Almost all export sub­si­dies are offered by the Euro­pean Union, which has already planned their elim­i­na­tion as part of its inter­nal mar­ket reforms.

Table 5: Change in total wel­fare and export rev­enue
Change in total wel­fare ($ m)Change export revenue %
Cent. Amer­i­ca & Carib.-17115
Cen­tral Asia7344
Cen­tral & E Europe42840
Four Emerg­ing-68658
CMA Par­tic­i­pants6,07018
East Asia Dvg2,11623
Least Devel­oped-310219
North Africa & M East -628107
North Amer­i­ca-1817
South Amer­i­ca -23519
South Asia128108
Sub-Sha­ran Africa-28182
West­ern Europe1,744-60

The dif­fer­ences in this sce­nario are due in part to world price changes that are sig­nif­i­cant­ly larg­er than in the access-only sce­nario; wheat prices rise by 12%. But the biggest changes—positive and neg­a­tive in dif­fer­ent regions—are due to the elim­i­na­tion of huge sub­si­dies to pro­duc­tion and export, espe­cial­ly in the devel­oped economies.

The glob­al wel­fare gain is strong­ly pos­i­tive and larg­er than in the ‘bar­ri­er-only’ sce­nario by more than $2 bil­lion (Table 5, com­pare Table 2). “Win­ners” far out­num­ber losers, sug­gest­ing that some over­all com­pen­sa­tion trans­fer mech­a­nism would be pos­si­ble that would ensure no one is worse off as a result of the changes. The CMA mem­bers again receive a larg­er ben­e­fit than the world-as-a-whole despite (or because of) the fact that they are cut­ting sub­si­dies as well as access barriers.

Devel­op­ing coun­tries as a group see net wel­fare ben­e­fits that are almost four times the ben­e­fits in the first sce­nario on account of larg­er pro­duc­er sur­plus­es (high­er pro­duc­er prices). But net importers, such as the coun­tries of sub-Saha­ran Africa, face slight­ly larg­er net wel­fare loss­es because the loss of export subsidies

About the ATPSM model

The ATPSM mod­el that I used for these sim­u­la­tions was con­struct­ed by econ­o­mists in the Trade Divi­sion of the UN Con­fer­ence on Trade and Devel­op­ment (UNCTAD). There is a down­load­able ver­sion of this mod­el, which runs under recent ver­sions of the Win­dows oper­at­ing sys­tem. It uses trade data cre­at­ed for the mod­el by the FAO and UNCTAD con­tained in a set of Microsoft Access data­base tables. Pro­duc­tion and con­sump­tion data are an aver­age of actu­al data for 2002 — 2004. Prices are FAO esti­mates from 2006, a year in which prices were about 1% high­er than the aver­age for 2004- 2007. 

In the jar­gon, the ATPSM mod­el is a deter­min­is­tic, par­tial equi­lib­ri­um, com­par­a­tive sta­t­ic mod­el. It begins with a ‘snap­shot’ descrip­tion of the world, con­tained in the Access data­base tables. This ‘toy’ world is based on the actu­al pro­duc­tion, con­sump­tion and prices of 35 com­modi­ties in 151 coun­tries. The mod­el works by apply­ing a trade pol­i­cy ‘shock’ to this set of facts in the form of a change in trade bar­ri­ers cho­sen by the mod­el­er. Trade bar­ri­ers work, most­ly, by chang­ing rel­a­tive prices and the lev­el of gov­ern­ment tax­es. In reac­tion to the ‘shock’, the mod­el forces its rep­re­sen­ta­tion of domes­tic and world mar­kets to find a new set of prices where excess (too much or too lit­tle) sup­ply and demand ini­tial­ly caused by the trade-pol­i­cy shock ‘clears’. That is, the mod­el finds a new set of prices at which glob­al pro­duc­tion and con­sump­tion are rough­ly equal after tak­ing account of imports and exports. Now we have a new ‘snap­shot’ of the world, com­pris­ing a new set of ‘equi­lib­ri­um’ prices along with new pat­terns of pro­duc­tion, con­sump­tion and trade flows. The mod­el allows the user to make a com­par­i­son between the ‘pre-shock’ and the ‘post-shock’ snapshots.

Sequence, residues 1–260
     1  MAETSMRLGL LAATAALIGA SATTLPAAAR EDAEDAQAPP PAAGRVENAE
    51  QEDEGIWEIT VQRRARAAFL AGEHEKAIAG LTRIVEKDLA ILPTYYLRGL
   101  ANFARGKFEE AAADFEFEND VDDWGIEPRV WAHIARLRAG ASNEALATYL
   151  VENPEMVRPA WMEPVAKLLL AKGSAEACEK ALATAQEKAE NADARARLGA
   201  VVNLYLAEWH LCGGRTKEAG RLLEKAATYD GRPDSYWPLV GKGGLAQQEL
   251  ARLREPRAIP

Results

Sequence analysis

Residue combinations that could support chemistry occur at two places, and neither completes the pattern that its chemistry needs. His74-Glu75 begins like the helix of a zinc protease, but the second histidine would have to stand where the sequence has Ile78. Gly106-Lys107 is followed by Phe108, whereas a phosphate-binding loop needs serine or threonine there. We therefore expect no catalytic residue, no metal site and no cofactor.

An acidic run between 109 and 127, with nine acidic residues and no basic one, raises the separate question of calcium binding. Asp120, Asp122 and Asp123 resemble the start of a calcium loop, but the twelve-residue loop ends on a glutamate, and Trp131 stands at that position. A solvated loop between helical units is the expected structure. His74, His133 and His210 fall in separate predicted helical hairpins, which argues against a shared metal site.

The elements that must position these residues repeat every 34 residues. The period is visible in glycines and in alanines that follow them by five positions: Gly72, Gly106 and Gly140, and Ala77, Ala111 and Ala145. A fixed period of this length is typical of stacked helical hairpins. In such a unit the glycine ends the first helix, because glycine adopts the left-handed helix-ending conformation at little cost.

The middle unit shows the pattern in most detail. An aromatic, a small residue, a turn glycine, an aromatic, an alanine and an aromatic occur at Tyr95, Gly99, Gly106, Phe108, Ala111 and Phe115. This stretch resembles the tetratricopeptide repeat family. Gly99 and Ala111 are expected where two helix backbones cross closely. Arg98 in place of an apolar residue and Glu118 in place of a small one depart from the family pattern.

You can prob­a­bly guess that this sort of math­e­mat­i­cal exer­cise nec­es­sar­i­ly leaves out a lot of things that hap­pen in ‘real’ mar­kets. To keep the sim­u­la­tions man­age­able, the mod­el takes no account, for exam­ple, of the vast dif­fer­ences in infor­ma­tion avail­able to peo­ple in dif­fer­ent parts of the mar­ket. It ignores the impact of monop­oly pric­ing by state enterprises—although not where this pric­ing is direct­ly relat­ed to a trade barrier—and the many sub­tle influ­ences of investors’ and spec­u­la­tors’ behav­ior in com­modi­ties mar­kets. ATPSM also ignores the impact of stocks. 

But even with these sim­pli­fi­ca­tions the ATPSM mod­el can still show us impor­tant and non-obvi­ous rela­tion­ships between pro­duc­ers, con­sumers and gov­ern­ment poli­cies as a result of changes in trade bar­ri­ers. What is most inter­est­ing is the shape of the changes: who is bet­ter-off and who is worse-off. The scale of the change is also indica­tive, although the absolute val­ues are not like­ly to be reliable.

One final remark about the lim­its of the ATPSM sim­u­la­tions. The pro­ject­ed results are very like­ly to be much too small com­pared to the ‘real’ world impacts of the sim­u­lat­ed changes. The ATPSM does not cap­ture the ‘dynam­ic’ fac­tors of change in the com­mod­i­ty mar­kets that we are simulating.

One exam­ple of a ‘dynam­ic’ fac­tor is learn­ing or the impact of tech­nol­o­gy. When imports take a larg­er share of a mar­ket because of a change in trade bar­ri­ers, one of the effects that goes hand-in-hand with the tougher com­pet­i­tive con­di­tions for local pro­duc­ers is the import of new tech­nolo­gies, or designs or plant vari­eties or fla­vors or… any aspect of learn­ing and inno­va­tion that pro­duc­ers else­where have adopt­ed to improve their com­pet­i­tive­ness. Local pro­duc­ers imi­tate or per­haps acquire the new tech­nol­o­gy in order to stay com­pet­i­tive with imports, lift­ing their pro­duc­tiv­i­ty. They are like­ly, too, to build on and improve the tech­nol­o­gy for local conditions.

These fac­tors have a strong and valu­able impact on growth and trade, typ­i­cal­ly account­ing for a much big­ger impact over time (even at dis­count­ed prices) than the ini­tial impacts of the trade bar­ri­er reduc­tion. ATPSM does not cap­ture these results.